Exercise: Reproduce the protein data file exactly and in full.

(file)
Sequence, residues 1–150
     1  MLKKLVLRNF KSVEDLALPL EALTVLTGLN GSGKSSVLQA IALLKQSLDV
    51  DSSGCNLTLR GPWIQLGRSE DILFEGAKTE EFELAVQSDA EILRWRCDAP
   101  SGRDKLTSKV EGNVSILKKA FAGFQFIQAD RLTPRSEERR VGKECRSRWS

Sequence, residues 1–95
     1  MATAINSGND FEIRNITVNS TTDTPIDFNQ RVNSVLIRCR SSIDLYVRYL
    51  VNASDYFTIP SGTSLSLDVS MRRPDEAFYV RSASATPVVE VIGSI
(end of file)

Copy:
Sequence, residues 1–150
     1  MLKKLVLRNF KSVEDLALPL EALTVLTGLN GSGKSSVLQA IALLKQSLDV
    51  DSSGCNLTLR GPWIQLGRSE DILFEGAKTE EFELAVQSDA EILRWRCDAP
   101  SGRDKLTSKV EGNVSILKKA FAGFQFIQAD RLTPRSEERR VGKECRSRWS

Sequence, residues 1–95
     1  MATAINSGND FEIRNITVNS TTDTPIDFNQ RVNSVLIRCR SSIDLYVRYL
    51  VNASDYFTIP SGTSLSLDVS MRRPDEAFYV RSASATPVVE VIGSI